What’s Your Broadband Story? Princeton Speaks Out

While we have made considerable progress over the past year in our goal of bringing high-speed broadband internet to the town of Princeton, we are not there yet. And, as such, the broadband struggles in day-to-day life continue on. Here’s a sampling of the feedback we have received recently.

Lack of Broadband Keeps Us Out of Princeton

We currently live and Holden and would like to move to Princeton. My children already attend TPS through school choice and we have always loved the town. The only problem is this, my husband is a computer engineer and often works from home. Therefore, we need high speed internet. Are there any areas in Princeton that currently have high speed internet? If there is not, we will be forced to stay in Holden or move to Sterling.

-Heather P.

Ready and Willing…Let’s Go!

I just read the article in the T&G this morning about the lack of cable provider offers. As a young professional who just moved to Princeton, I don’t see this as much of a problem as long as the cost to implement the broadband doesn’t go up. I know that for myself and my husband and many of our friends prefer to use internet, Hulu, Netflix etc. to watch most of their TV shows and movies. In my opinion, the real problem in the area (aside from broadband) is the cell service. Thanks again for all of your hard work! My husband and I are excited and are definitely willing to pay to get broadband for our house.

- Lisa D

What’s your broadband story? Let us know at info@princetonbroadband.com.

Coming Soon: Doctor Remote House Calls

Remote house calls create the opportunity to provide patients with care at the time and place they need it most, and further mitigates the risk of lack of adherence, not seeking help at all, recall bias and worsening of conditions.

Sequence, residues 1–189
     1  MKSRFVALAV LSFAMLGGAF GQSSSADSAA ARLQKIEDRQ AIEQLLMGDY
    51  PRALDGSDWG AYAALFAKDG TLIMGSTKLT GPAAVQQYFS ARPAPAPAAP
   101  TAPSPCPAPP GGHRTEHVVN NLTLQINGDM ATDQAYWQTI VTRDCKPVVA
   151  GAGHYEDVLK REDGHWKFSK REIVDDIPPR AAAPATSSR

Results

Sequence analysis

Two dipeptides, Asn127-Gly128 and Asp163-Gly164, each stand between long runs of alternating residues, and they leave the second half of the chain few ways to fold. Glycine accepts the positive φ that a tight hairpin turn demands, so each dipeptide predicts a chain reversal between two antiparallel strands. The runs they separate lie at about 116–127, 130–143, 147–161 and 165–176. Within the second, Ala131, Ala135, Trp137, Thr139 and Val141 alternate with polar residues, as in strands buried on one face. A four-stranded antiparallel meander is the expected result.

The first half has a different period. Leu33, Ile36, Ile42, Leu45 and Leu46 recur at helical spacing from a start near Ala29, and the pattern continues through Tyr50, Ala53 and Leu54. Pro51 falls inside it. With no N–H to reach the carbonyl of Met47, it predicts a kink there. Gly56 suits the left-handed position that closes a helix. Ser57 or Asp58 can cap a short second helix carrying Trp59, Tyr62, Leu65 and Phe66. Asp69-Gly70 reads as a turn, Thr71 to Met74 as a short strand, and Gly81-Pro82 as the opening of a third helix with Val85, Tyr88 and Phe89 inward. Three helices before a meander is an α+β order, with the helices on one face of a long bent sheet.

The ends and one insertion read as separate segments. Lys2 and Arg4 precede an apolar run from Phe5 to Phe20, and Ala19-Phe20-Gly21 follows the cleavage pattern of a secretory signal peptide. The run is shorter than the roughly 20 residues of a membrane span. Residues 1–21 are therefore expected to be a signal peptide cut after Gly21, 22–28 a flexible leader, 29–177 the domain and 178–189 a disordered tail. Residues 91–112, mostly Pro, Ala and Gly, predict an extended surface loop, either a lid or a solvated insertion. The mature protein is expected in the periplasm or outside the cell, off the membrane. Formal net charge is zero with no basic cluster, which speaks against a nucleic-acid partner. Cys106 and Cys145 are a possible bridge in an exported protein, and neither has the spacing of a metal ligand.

- Melissa Thompson, CEO and Founder of TalkSession.92408289-jpg_171811

Analysts predict that 160 million patients in the U.S. will be monitored and treated remotely for at least one chronic condition by 2020. Clearly, Princeton will need a true broadband solution to be able to take advantage of this emerging trend in health care.

Read full article at psfk.com »

Discover More Details on the Matrix/Millennium Broadband Proposal

ProjectSpotlightThe agenda for the Feb. 26 meeting of the Princeton Broadband Committee included a presentation from Matrix/Millennium on their latest proposal to fund a high-speed fiber optic network to town residences. The meeting, open to the public, allowed Princeton residents the opportunity to address questions and concerns regarding the project, which was originally unveiled to the committee Feb.12.

The presentation, delivered by Chris Lynch, senior account representative for Matrix Design Group, looked at costs related to two possible installation scenarios, including a list of exclusions that would be Princeton’ responsibilities in completing the estimated $4 -5.3 million in project expenses.

The committee wished to thank the concerned residents who attended the meeting and looks forward to holding more in-depth public hearings on the project this spring. Check back with this site from time to time for any posted updates on recent developments.

Download the Matrix/Millennium Proposal. Formats: Adobe Acrobat (.PDF) or  PowerPoint (.PPTX) 

Questions About the New Broadband Proposal? Join Us This Wed

Have a question or comment regarding the recent proposal from Matrix/Millennium to cover costs to install a town wide high-speed, fiber optic network? If so, you are invited to attend the Feb. 26 meeting of the Princeton Broadband Committee at Town Hall Annex. The meeting begins at 7:00 pm with the public comment agenda item scheduled for 7:30 pm.

All broadband committee meetings are open to the public, but this meeting represents the first opportunity for Princeton residents to ask questions regarding the proposal. While discussions at this point are in their preliminary stages, a more detailed Information Session on the proposal will be held in the near future.